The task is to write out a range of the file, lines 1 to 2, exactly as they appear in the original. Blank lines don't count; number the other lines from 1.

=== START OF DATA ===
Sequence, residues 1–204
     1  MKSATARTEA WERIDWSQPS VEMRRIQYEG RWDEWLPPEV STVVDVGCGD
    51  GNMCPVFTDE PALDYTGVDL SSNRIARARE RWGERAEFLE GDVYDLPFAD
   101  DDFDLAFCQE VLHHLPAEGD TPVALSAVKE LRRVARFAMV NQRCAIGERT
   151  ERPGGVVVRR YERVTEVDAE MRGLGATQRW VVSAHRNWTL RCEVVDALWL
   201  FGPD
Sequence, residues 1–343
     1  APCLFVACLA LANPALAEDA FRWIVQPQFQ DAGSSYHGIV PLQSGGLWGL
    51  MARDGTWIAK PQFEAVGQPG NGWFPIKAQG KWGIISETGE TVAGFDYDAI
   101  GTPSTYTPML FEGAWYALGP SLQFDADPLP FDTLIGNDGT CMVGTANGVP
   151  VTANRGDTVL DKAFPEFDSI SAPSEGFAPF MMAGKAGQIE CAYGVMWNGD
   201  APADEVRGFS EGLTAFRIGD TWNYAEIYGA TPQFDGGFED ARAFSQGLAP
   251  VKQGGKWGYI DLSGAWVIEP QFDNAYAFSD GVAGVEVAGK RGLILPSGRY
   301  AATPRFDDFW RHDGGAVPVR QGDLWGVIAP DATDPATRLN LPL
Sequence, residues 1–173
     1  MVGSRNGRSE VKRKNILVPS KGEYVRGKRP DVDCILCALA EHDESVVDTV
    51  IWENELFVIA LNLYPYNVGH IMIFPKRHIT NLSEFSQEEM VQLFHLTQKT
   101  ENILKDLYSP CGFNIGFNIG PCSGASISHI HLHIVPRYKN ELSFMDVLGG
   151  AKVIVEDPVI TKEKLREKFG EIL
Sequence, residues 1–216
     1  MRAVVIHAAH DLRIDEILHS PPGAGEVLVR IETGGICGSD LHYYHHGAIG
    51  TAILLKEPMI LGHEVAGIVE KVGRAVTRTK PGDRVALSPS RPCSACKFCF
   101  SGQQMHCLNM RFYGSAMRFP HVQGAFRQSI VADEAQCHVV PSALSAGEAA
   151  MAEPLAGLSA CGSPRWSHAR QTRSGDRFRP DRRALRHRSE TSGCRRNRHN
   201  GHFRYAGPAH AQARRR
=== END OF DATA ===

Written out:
Sequence, residues 1–204
     1  MKSATARTEA WERIDWSQPS VEMRRIQYEG RWDEWLPPEV STVVDVGCGD